Today I’m 75. “Just a kid” to great numbers of my contemporaries; nonetheless, a very noticeable birthday, to me at least.
Each person has their own story, along life’s road. And life’s journey is, indeed, a new “road” we all travel, with the attendant surprises any trip down a previously untraveled road or path has for everyone.
(click on all photos to enlarge)
(This photo was taken a block away from Valley City State Teachers College, which my Dad was then attending, and which I attended myself beginning 18 years later.)
Perhaps this birthday is more prominent to me than the others because the last member of my parents generation, Uncle Vince, died just three months ago, on February 2.
I’ve written often about he, the family and the North Dakota farm on this page. My sister, Flo, and I were with him during his final few hours.
It surprised him when I mentioned a few months ago that I was soon to be 75.
He’s told me that he was the first family member, other than my parents, to hold me after I was born.
Vincent was 15, then.
Tomorrow, I’ll be out at the family farm again, continuing the process of transitioning an entire generation into history. To me that place, those things, represents far more than just stuff to dispose and/or distribute. It’s occupants were, Grandma and Grandpa, and all of these Uncles and Aunts, and my parents, the ones who launched me and all my siblings and cousins in many and sundry ways.
Some pictures of them, at various times back then, are at the end of this post.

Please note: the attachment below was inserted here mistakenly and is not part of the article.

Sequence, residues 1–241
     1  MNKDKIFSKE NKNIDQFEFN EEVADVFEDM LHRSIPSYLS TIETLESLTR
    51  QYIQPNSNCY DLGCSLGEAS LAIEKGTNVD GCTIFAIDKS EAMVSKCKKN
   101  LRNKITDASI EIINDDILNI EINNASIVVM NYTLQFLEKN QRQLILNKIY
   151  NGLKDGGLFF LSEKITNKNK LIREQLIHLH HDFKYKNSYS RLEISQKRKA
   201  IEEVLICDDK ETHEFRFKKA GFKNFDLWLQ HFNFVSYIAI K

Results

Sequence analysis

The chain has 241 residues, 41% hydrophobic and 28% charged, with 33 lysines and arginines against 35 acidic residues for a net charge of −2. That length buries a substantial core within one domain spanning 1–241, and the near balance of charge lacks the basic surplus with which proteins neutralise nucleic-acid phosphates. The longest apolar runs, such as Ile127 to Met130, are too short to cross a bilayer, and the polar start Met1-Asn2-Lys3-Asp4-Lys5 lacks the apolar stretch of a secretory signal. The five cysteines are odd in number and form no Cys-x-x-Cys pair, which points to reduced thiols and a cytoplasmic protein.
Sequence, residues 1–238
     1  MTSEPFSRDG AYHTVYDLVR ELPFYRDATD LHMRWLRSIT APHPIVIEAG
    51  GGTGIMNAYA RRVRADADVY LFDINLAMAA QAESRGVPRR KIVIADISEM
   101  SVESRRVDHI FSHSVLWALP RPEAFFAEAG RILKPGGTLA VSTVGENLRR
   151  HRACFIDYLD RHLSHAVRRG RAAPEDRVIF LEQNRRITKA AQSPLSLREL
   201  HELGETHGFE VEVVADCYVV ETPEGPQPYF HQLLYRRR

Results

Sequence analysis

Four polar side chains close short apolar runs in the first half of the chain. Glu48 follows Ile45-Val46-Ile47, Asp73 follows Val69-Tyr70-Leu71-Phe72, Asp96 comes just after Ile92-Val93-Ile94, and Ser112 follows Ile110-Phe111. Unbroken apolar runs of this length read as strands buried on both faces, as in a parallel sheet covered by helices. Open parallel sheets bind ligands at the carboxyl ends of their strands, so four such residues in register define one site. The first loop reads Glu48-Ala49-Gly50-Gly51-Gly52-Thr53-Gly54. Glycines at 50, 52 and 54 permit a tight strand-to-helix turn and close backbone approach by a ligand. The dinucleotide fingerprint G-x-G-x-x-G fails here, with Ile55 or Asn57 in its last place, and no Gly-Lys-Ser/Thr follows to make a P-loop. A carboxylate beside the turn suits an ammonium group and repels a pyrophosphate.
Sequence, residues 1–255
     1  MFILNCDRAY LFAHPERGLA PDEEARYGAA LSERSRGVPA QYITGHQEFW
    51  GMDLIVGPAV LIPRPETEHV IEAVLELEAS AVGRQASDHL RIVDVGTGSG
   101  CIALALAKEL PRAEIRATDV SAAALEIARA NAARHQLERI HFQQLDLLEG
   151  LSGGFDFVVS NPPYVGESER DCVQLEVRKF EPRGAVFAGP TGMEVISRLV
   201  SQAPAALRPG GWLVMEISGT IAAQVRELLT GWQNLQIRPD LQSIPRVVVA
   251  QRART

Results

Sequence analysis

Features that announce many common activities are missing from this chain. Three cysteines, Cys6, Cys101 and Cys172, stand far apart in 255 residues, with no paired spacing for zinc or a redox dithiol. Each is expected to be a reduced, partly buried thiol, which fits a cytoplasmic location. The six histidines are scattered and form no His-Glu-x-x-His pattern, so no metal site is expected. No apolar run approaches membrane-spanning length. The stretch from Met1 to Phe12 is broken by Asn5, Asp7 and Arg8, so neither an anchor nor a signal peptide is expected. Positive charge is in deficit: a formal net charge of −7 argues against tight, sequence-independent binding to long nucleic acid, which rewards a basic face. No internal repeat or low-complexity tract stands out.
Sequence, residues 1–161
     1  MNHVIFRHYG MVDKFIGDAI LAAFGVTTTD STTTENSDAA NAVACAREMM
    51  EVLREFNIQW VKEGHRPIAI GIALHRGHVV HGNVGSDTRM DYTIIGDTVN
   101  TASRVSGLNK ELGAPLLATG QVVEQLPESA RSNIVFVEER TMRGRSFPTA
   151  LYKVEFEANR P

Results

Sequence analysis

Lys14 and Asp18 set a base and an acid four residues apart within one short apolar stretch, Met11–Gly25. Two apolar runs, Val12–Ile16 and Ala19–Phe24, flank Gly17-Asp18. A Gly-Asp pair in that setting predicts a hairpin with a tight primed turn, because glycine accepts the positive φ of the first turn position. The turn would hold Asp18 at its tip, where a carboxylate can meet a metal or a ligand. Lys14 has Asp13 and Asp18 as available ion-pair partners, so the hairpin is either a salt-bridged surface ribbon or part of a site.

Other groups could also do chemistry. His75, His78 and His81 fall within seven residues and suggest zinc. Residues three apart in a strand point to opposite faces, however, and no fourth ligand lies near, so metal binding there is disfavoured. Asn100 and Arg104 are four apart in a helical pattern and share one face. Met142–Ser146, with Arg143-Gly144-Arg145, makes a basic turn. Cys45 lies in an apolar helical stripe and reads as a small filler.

Today, also, grandson Parker celebrates his 13th birthday.
He’s already an accomplished baseball guy, his passion, and yesterday, at a small family dinner, I gave him a home-made card with a photo of my brother Frank, and I, taken 1955, at Antelope Consolidated School, near Mooreton ND. I used to stand out in our yard, there in the country, and try to hit baseballs over the trees, imagining I was Mickey Mantle.
We have our dreams.
I think he liked the photo.
He’s on his own road, now, with its own promise, ruts, crossroads, forks…. Like every one of us, he’s on his own journey, in which all of us participate, in one way or another.
Life is, I’ve learned, a community event. And the community, now, is the planet earth – every last one of us, everywhere.
Here are a couple more photos with my own past memories, one’s which today hold more significance than usual.
Maybe they’ll jog some of your own, about you.
Have a great day.
Grandma and Grandpa Bernard had three children. My Dad, Henry, was the middle child. His older sister, Josie, was deaf, and from the 1930s on lived in the Los Angeles area. She rarely came home to Grafton. Grandma and Grandpa, beginning in the later 1930s, spent winters in Long Beach, so they saw her often. Their youngest son, Frank, served on the USS Arizona beginning 1936, and died on the ship December 7, 1941.
Art, the only child absent, was an electrical engineer in Chicago, in the early years of marriage and career, and was probably unable to come home for this event. On the wall behind the family, one can see the General Electric annual wall calendar, which was certainly from Art to his parents.